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The Cambridge of eighteen hundred and ninety-six: a picture of the city and its industries fifty years after its incorporation (ed. Arthur Gilman), Harvard University in its relations to the city of Cambridge. (search)
nt area of the city, according to Paige, the historian of Cambridge, being about four and one-half square miles (2880 acres). The land now held by the President and Fellows has been acquired as a result of 107 separate negotiations, extending from 1638 to the present day. The following table shows the nature of these transactions; but in this table no account is made of transactions which did not relate to land now in possession of the university— 54separate purchases. 7separate re-purchaseso streets, and takings by the town or city. The College Yard—as the inclosure between Massachusetts Avenue and Broadway, Peabody Street and Quincy Street is called—was acquired in twelve parcels in the course of two centuries, that is, between 1638 and 1835. The delta on which Memorial Hall stands was bought in two parcels between 1786 and 1816, one of these parcels having been procured in one of the College Yard transactions. After these purchases were made, Cambridge Street and Broadway <
s in 1650, is still in force unaltered. The direct grants of money made by the Legislature of Massachusetts to Harvard College between 1636 and 1785 amounted to $116,000. In 1814, the Legislature granted $10,000 a year for ten years. Between 1638 and 1724 the town of Cambridge repeatedly gave land to the College. In common with other Massachusetts institutions of education, religion, and charity, the University enjoys exemption from taxation on its personal property, and on real estate occupied for its own purposes. Beginning with John Harvard in 1638, private benefactors have given to the University in land, buildings, and money at least $11,000,000. The principal objects of permanent endowment have been as follows— 1. Instruction and research. (a. Professorships. b. Observatories, laboratories, and workshops.) 2. Collections. (Libraries, Museums, Gardens, and Arboretum.) 3. Aid for Students. (Scholarships, Fellowships, and other aids.) 4. Prizes. (For es
1, the intention was to make it the fortified political centre of the colony. It speedily became instead an important residential and intellectual centre. A writer in 1637 pictures it with artless exaggeration as one of the neatest towns in New England, with many fair structures and handsome contrived streets. The inhabitants, most of them, he adds, were very rich. We know from other sources that many of them had scholarly tastes. Moreover, Harvard College was founded in 1636, opened in 1638, and its first class of nine young men was graduated in 1642. In the work of fitting boys for Harvard, Cambridge would naturally have had an early and prominent share. It chimes in with this theory of an earlier school that Mr. Corlett, when we first hear of him in 1643, was already in the possession of an established reputation as a teacher; he had very well approved himself for his abilities, dexterity and painfulnesse. His schoolhouse— the first one especially built for him in 1648, not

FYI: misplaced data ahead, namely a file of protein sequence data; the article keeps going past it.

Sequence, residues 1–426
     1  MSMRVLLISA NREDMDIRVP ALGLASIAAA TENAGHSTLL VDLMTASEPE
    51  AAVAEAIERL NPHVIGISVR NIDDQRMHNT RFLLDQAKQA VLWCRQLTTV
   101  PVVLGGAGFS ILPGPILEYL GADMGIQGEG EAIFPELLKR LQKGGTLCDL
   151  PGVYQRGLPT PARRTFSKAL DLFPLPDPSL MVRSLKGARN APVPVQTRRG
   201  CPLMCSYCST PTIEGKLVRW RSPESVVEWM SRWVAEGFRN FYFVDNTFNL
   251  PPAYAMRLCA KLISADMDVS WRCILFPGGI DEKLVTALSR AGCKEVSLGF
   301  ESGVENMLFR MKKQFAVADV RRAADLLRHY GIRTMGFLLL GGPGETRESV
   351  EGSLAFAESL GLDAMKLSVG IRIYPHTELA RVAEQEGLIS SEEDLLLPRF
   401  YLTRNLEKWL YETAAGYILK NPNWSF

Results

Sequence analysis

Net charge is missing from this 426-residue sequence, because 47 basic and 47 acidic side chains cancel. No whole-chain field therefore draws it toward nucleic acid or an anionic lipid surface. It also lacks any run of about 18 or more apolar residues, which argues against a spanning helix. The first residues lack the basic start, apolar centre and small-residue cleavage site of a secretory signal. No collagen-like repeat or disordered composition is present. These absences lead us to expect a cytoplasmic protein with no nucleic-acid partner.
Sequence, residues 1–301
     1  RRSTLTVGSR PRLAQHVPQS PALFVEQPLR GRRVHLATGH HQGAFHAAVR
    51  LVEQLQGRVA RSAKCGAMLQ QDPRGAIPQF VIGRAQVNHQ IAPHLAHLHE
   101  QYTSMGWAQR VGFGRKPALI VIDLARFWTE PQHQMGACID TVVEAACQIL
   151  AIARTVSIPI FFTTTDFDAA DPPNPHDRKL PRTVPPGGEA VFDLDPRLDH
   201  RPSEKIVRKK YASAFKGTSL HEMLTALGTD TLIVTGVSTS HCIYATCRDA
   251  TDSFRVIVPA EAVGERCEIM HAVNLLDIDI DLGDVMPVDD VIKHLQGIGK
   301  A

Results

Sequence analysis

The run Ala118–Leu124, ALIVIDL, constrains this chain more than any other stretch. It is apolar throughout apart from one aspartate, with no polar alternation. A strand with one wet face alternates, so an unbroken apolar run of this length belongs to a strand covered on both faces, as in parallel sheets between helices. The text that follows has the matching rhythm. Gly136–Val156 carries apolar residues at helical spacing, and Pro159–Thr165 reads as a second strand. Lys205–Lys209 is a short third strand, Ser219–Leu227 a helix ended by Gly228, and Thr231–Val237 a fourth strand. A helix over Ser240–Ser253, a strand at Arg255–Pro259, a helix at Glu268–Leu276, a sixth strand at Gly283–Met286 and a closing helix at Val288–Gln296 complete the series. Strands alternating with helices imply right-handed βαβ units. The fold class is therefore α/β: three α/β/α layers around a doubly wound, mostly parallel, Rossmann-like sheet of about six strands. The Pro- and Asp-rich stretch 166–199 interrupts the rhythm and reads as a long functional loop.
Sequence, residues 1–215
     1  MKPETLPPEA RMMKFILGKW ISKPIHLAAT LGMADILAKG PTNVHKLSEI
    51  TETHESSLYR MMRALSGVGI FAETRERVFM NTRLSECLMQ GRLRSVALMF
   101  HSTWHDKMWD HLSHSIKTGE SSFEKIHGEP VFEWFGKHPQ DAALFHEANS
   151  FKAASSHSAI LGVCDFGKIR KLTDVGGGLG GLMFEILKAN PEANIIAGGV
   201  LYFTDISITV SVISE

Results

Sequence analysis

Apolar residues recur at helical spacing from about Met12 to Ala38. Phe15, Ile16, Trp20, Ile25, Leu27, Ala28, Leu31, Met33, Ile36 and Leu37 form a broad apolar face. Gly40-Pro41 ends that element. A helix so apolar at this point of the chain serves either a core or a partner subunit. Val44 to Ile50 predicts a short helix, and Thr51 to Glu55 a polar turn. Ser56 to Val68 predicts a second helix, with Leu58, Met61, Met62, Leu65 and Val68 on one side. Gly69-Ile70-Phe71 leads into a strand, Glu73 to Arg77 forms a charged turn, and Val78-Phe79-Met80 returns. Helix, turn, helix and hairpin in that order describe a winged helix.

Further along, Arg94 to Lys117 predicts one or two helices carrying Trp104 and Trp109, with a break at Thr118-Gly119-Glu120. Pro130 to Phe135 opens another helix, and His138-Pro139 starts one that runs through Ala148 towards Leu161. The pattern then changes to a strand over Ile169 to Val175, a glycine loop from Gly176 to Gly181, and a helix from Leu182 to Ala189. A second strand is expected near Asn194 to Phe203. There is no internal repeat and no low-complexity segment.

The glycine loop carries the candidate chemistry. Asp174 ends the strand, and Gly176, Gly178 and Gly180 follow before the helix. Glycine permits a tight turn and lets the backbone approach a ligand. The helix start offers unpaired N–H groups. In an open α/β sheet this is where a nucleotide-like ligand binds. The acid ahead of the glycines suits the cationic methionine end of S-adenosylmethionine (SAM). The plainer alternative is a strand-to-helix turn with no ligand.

ed. He found his way to the place, and was so deeply impressed that he resolved to live and die with the ministers of New England. The town and church acquired special prominence when in the same year in which the church was formed the General Court agreed to give four hundred pounds, equal to a year's rate of the whole colony, a grant of fifty cents from each of the four thousand inhabitants, towards a school or college. The next year it was ordered that the college should be here, and in 1638 the college was opened, and Newtown became Cambridge. The college was founded here because this was a pleasant and convenient place, and the town was under the orthodox and soulflourish-ing ministry of Mr. Thomas Shepheard. The college was meant to serve the churches, and to give them a learned ministry when the first ministers should lie in the dust. The ministers of the church had a constant influence in shaping the life of the college; and the presence of the college, with its teachers
nies was done in Cambridge, and is described in the following extracts from an address made to the members of the Citizens' Trade Association, in 1894, by the late Henry 0. Houghton. Hon. H. O. Houghton's address. The first printing in the English-speaking colonies of this country was done here in Cambridge. The history of its progress is very interesting. A clergyman by the name of Glover left England with a printing-press, two or three workmen, and his family, for this country in 1638. He died on the passage, and the press was set up in January, 1639, in the house of the first president of Harvard College, Henry Dunster. This president was a man with an eye to the main chance, and he secured possession of the press by marrying the widow of the man who started from England with it, and he retained possession of it for many years. Some years afterwards, when the son of this widow had grown up, he brought suit for the recovery of the press. The president filed an account